- QB Brad Kaaya, Miami
- DE Ejuan Price, Pittsburgh
- DT Jaleel Johnson, Iowa
Sixth Round, Twelfth Pick: Linebacker Ukeme Eligwe, Georgia Southern. I was sitting in on Senior Bowl practice, listening to Gregg Williams bark questionable advice to a group of linebackers, when one of the prospects in front of me caught my eye. Maybe it was the fact he was wearing Rickey Jackson’s number. Maybe it was the fact he was moving with quicker reflexes, higher energy, and more violence than the guys around him. I didn’t know, but I penciled #57 down in my notebook and made a point to come back to him.
Turns out Ukeme Eligwe is a 6-foot-2, 240-pound instinctive wrecking ball who transferred to Georgia Southern from Florida State after failing drug tests early in his career. Now he’s a coach’s favorite who has stayed clean and made a quick impression at the Senior Bowl as a hard worker. Eligwe has the potential to contribute right away at inside linebacker while chipping in on special teams.
- OL Danny Isidora, Miami
- RB Justin Davis, USC
- TE Jeremy Sprinkle, Arkansas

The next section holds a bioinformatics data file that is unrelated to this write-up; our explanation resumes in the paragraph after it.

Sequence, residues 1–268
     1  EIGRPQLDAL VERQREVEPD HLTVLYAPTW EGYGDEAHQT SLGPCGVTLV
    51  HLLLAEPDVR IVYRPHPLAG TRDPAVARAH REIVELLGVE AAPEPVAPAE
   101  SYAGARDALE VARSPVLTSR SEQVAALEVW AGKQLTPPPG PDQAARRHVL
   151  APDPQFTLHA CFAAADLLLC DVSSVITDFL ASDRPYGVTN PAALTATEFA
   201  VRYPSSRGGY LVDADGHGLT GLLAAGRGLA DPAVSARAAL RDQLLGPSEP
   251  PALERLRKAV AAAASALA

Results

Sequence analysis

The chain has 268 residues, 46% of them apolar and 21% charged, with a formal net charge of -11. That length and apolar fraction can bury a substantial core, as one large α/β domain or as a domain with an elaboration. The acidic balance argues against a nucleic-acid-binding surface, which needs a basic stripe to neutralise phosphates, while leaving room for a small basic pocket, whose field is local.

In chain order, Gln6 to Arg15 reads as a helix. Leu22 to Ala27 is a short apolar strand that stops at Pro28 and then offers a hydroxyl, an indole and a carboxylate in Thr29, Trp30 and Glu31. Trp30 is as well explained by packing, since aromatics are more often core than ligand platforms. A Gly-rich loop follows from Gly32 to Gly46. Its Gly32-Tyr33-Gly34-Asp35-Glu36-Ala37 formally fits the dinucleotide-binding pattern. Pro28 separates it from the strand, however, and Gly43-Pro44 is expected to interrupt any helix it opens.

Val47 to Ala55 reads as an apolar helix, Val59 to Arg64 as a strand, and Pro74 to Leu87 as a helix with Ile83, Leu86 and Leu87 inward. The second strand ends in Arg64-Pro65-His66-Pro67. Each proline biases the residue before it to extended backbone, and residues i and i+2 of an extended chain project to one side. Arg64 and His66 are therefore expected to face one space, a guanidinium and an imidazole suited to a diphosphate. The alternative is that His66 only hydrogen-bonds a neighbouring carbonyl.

Seventh Round, Eleventh Pick: QB Chad Kelly, Ole Miss. Chad Kelly’s off-field antics speak for themselves. Will he make mistake? Probably. Will he drive Saints head coach Sean Payton mad with untimely turnovers? Most likely. Has anyone else come close to matching the inimitable Rex Grossman for combined Herculean arm strength with a callous disregard for ball placement? Absolutely not.
Here are the facts: Kelly has rare arm talent in this draft. Only Pat Mahomes out of Texas Tech has more visible throwing velocity. Kelly has displayed poor judgment and a toxic personality. Only he and Clemson quarterback Deshaun Watson have put 300+ yards passing on the Alabama Crimson Tide defense in multiple recent outings. The Saints have also sent scouts to watch Kelly play live in at least three 2016 games. Kelly was very involved in Senior Bowl practices and meetings despite not being cleared to throw.
So the Saints’ interest is as obvious as the perils of giving Kelly a bunch of cash just miles away from Bourbon Street. Given his history of off-field incidents and injuries, Kelly will be lucky to be drafted. But picking him here is the safest possible investment the Saints can make, and he could be cut loose without any real repercussions should he come back to bite them. Maybe the influence of a noted good-guy like Drew Brees and a strong locker room culture could help Kelly get on the right path.
- TE Blake Jarwin, Oklahoma State
- DE Al-Quadin Muhammad, Miami
- LB Matt Milano, Boston College